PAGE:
This is a partial transcript of "Special Report With Brit Hume ," Feb. 4, 2005, that has been edited for clarity.
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(BEGIN VIDEO CLIP)
PRESIDENTBUSH: We’re not going to play politics with th e issue. We’re going to say if you’ve got a good idea, come forth with your idea. Because now is the time to put partisanship aside and focus on saving Social Security for young workers.
(END VIDEO CLIP)
BRIT HUME, HOST: But not only do the president and congressional Democrats not agree on how to deal with the Social Security problem, they don’t really agree on what the problem is. One thing everybody agrees is that it’s complicated to the point of bewildering.
To help us sort it out, or at least start to, we turn to our chief Washington correspondent Jim Angle, who has been closely following this issue for years.
JIM ANGLE, FOX NEWS WASHINGTON CORRESPONDENT: Thanks, Brit.
HUME: Let’s start out the year 2018, the president talks about things going badly in 2018. What exactly happens to Social Security in 2018?
ANGLE: Right now, Social Security is running a surplus, meaning it’s taking in more money than it pays out. In 2018, it starts to pay out more than it takes in. At that point, it will turn to the federal government; Social Security is an independent agency, turns to the federal government and says you’ve been borrowing all surpluses we’ve run in recent years. They are on the ledger as part of our trust fund. Now you need to start paying up.
HUME: You say, "they’re on the ledger" that means in the form of Treasury notes in the form of one kind or another?
ANGLE: Correct. Special Treasury notes.
HUME: Special Treasury notes, the Social Security is holding these assets. And these assets in the form of these government notes and they owe the principle back, right?
ANGLE: Plus interest.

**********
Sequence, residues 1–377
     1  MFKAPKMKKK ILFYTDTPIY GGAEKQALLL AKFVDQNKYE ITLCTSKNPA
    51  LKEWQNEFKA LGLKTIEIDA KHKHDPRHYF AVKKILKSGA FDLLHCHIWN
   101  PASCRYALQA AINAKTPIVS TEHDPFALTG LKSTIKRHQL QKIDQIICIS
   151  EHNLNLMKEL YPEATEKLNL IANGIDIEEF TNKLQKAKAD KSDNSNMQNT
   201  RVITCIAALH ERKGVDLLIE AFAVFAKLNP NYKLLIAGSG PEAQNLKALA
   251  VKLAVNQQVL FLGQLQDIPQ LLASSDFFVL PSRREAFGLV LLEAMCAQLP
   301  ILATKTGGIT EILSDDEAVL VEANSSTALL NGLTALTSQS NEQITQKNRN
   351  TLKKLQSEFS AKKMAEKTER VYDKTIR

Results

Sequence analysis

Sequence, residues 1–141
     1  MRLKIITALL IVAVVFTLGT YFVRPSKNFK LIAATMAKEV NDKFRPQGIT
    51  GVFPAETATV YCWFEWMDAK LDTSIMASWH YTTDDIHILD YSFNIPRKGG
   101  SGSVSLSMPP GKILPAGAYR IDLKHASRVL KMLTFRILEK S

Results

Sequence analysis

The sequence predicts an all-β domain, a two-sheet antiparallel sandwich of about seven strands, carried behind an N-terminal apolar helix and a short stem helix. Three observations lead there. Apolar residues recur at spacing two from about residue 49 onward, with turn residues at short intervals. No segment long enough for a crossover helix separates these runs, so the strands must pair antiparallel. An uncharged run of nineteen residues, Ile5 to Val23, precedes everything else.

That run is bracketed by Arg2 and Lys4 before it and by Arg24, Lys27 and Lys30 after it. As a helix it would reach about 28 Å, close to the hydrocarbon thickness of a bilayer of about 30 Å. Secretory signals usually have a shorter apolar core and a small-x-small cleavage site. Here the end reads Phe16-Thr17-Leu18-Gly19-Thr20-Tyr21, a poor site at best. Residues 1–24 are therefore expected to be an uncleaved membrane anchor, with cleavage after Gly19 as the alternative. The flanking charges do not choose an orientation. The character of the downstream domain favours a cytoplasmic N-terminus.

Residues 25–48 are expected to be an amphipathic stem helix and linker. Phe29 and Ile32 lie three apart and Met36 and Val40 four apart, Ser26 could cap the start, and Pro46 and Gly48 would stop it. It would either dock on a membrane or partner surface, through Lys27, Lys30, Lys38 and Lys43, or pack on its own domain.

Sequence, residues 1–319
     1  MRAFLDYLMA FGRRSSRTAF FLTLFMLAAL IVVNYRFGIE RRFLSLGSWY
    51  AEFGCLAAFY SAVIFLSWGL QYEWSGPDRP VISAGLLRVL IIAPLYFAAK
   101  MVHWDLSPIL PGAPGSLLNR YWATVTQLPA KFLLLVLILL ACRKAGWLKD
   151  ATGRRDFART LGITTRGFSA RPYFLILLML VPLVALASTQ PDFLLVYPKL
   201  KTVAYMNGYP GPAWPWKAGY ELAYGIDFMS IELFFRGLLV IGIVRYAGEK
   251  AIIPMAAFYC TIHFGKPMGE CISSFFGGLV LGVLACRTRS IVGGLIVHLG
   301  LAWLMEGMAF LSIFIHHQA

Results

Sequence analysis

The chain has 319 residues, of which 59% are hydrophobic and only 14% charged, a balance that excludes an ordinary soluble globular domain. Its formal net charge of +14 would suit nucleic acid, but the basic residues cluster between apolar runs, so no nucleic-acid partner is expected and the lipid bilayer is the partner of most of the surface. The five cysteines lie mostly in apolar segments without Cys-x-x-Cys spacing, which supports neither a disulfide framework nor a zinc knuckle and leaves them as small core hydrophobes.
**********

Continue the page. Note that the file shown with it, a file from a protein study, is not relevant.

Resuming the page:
HUME: Plus interest. Pay up. We need it to pay benefits.
ANGLE: Right. In the first year 2018, it’s 16 billion. It quickly starts to rise: 2020, 56 billion, 2025, 160 billion, 2032, 150 billion a year.
HUME: Now, does the federal government set aside money to pay this?
ANGLE: Oh, no. Oh, no. We’ve been spending that money all along, of course. And this, of course, was the argument a few years ago about a lock box and so forth. The federal government always borrows that money. It would borrow the money anyway, but it would borrow it somewhere else. But instead, it has been borrowing from the Social Security system and will have to start paying it back.
HUME: And in fact, by law that is the only place a Social Security system can put a surplus is in these — is loaning it to the government.
ANGLE: Because they’re guaranteed. There is no risk.
HUME: Right. The full faith and credit of the United States. So what is the consequence of the fact that the Treasury owes this money to Social Security, and Social Security will need it starting in 2018 to pay benefits?
ANGLE: Well, it tells you what kind of pressure there will be to fix the system.
HUME: Well, I know. But I mean it does mean that the money will have to be raised by either what? Raising taxes or?
ANGLE: We’re going to have to raise taxes or borrow more money. You’re talking about years.
HUME: Or cut benefits.
ANGLE: Or cut benefits. You are talking about years in which you’re talk about $200 billion, that you have to come up with, create out of nowhere, either from taxes or borrowing.
HUME: So, the Social Security system is not at that point bankrupt. It is not insolvent in any legal terms.
ANGLE: No. No.
HUME: But the government at that point is obligated to come up with billions of dollars growing into the hundreds of billions, to make good its obligation to Social Security.
ANGLE: That’s right. And one of the problems here is you’ve gone from 16 workers to every beneficiary in 1950 to 3.3 now, and you’re going to two. If you go to a point where you have two workers supporting every beneficiary in Social Security, any kind fix you have is a tremendous burden on those two workers and very difficult to pass politically.